Alfredo Serrano, the wacko Spanish “economist,” has had Maduro’s ear for a while now. Is he making a move to influence actual policy? If he is, things are about to get much more interesting.
Alfredo Serrano, the Podemos-linked looney-left “economist,” has long had Nicolás Maduro’s ear. But while his influence on the President has always been known, his effect on actual policy has been limited to the brief tenure of his equally crazy minion, Luis Salas.
The limits on his influence, however, are probably about to be lifted.
In order to understand this, it is important to put in context the actual dilemma the government faces. For a long time, the government has been trying to convince international markets that it would pay off foreign debt come hell or high water, even if it meant cutting imports down to a trickle. If folks like little Oliver Sánchez have to suffer for it, so be it.
And while most reasonable people, us included, found this to be insane, the government was clear: we will stay the course.
Serrano, though, thinks differently. His take? Screw foreign bond holders, and go full Argentina. And in order to convince the President of this, he’s bringing the actual Argentine who put this scheme together.
As El Nacional’s Blanca Vera reports, Serrano is bringing former Argentine Central Bank head Alejandro Vanoli – Cristina Kirchner’s go-to man on all things dollar-related – to Caracas to meet with Maduro. Their proposal is to impose a series of distressed exchanges for PDVSA short end bonds, thus effecting a default.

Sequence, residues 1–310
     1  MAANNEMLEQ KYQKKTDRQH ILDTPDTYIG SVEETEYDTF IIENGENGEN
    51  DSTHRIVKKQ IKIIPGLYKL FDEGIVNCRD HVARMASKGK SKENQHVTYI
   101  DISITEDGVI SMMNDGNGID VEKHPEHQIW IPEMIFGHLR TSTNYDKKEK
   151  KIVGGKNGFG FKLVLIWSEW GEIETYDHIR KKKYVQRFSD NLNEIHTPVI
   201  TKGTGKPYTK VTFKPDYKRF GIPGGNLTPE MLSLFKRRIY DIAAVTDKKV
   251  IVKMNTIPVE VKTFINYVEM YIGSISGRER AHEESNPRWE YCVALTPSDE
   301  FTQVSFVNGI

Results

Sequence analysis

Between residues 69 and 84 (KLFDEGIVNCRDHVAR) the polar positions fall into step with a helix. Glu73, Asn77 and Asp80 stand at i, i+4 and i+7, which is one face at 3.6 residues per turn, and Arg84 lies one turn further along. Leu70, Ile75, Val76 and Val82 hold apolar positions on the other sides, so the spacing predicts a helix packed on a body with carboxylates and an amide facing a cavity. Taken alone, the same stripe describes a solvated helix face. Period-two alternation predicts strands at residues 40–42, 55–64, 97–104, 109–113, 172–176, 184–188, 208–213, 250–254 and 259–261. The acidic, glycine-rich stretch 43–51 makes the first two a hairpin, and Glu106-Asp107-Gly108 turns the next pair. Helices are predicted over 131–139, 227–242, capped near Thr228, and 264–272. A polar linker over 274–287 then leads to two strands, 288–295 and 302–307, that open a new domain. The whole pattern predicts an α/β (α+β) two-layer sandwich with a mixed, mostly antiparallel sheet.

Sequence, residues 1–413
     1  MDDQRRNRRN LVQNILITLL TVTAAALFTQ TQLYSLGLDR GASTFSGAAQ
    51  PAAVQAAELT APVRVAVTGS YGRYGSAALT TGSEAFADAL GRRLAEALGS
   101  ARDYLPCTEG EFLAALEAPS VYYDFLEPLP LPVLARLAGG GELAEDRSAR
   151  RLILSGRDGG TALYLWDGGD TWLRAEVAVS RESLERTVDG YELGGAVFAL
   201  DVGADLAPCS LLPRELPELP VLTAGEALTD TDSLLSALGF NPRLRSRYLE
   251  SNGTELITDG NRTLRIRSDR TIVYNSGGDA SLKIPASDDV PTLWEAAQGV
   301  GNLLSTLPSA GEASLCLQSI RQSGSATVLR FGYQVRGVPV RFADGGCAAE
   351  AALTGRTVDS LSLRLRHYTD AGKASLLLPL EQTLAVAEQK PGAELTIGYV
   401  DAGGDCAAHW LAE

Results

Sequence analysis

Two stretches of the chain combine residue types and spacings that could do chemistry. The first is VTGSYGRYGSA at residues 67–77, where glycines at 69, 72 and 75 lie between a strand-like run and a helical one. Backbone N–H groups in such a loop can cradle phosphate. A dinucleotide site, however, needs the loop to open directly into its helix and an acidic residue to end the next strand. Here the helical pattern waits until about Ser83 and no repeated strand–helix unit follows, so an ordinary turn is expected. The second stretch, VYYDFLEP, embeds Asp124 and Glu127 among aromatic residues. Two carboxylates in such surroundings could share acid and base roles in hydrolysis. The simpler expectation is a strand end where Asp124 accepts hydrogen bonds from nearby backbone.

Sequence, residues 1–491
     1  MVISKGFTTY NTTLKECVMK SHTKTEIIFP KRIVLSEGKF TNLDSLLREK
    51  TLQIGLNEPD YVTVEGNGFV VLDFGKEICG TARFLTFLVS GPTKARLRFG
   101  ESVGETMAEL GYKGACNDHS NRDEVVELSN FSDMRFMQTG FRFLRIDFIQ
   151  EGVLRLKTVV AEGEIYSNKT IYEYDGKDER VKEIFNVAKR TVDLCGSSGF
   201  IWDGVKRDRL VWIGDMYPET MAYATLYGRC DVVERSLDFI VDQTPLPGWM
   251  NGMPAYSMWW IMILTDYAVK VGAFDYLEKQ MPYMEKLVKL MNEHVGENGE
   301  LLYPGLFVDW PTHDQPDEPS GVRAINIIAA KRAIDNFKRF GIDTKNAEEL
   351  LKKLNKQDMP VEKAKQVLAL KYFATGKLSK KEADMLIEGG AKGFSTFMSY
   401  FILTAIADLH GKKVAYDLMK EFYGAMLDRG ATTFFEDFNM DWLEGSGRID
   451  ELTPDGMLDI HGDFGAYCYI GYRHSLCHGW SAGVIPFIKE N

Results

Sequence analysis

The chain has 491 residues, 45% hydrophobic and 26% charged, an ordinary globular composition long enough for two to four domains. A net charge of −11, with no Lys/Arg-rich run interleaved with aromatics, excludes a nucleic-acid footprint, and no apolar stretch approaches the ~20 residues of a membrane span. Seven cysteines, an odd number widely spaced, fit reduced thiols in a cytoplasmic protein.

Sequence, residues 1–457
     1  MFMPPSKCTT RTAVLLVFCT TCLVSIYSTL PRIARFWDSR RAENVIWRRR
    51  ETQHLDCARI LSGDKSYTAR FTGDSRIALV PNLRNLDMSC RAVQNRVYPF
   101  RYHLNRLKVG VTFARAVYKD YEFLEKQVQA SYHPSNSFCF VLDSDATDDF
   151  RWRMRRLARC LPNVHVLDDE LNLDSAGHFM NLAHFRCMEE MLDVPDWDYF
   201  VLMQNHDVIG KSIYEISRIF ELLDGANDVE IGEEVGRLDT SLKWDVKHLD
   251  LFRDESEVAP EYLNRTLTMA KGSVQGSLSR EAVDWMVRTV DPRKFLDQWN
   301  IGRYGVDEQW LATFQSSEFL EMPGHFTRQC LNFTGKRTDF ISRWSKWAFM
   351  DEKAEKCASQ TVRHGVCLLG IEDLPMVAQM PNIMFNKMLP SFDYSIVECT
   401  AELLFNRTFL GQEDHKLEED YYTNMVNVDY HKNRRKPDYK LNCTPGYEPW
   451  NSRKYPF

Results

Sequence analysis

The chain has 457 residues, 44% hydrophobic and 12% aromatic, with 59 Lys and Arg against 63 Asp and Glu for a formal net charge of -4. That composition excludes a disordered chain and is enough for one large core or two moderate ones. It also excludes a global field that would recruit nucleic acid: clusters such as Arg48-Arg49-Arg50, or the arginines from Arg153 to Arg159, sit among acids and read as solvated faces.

To say this stands in stark contrast with the views of the rest of the economic team (Economy Minister Miguel Perez Abad, BCV President Nelson Merentes, and PDVSA president Eulogio del Pino) is a massive understatement.
Now, to put it all in context: this could all be a smoke screen. Vera is basing the whole piece on an anonymous tip, so this makes us hesitant to take it at face value.
PDVSA is currently in negotiations to ease its short-term debt. It’s unlikely at this point that Maduro would consider a hostile swap as a viable policy option. Even if it is aimed to divert the attention from the current economic crisis, the risks of a credit event (default) on PDVSA’s foreign assets are simply too massive. The litigation alone would cut Venezuela off important international markets, and the consequences could end up being worse than paying the debt.
Then again, we are dealing with a President who is “crazy like a goat.”
It might well be true that the Maduro economic team is openly discussing a default at this stage; the country is in a humanitarian crisis mode, and a government facing a recall referendum that could potentially kill them will be open to any shenanigans that could grant them a short-term political boost, no matter how radical. Then again, those in charge of actual policy think this is destroying with their feet what they built with them hands.
How this plays out will give us a strong signal as to what course the Maduro administration will chart in the remainder of its term – however long that might be. If Serrano is indeed making a move to wrest control of the economy from the current team, then the game changes once again.
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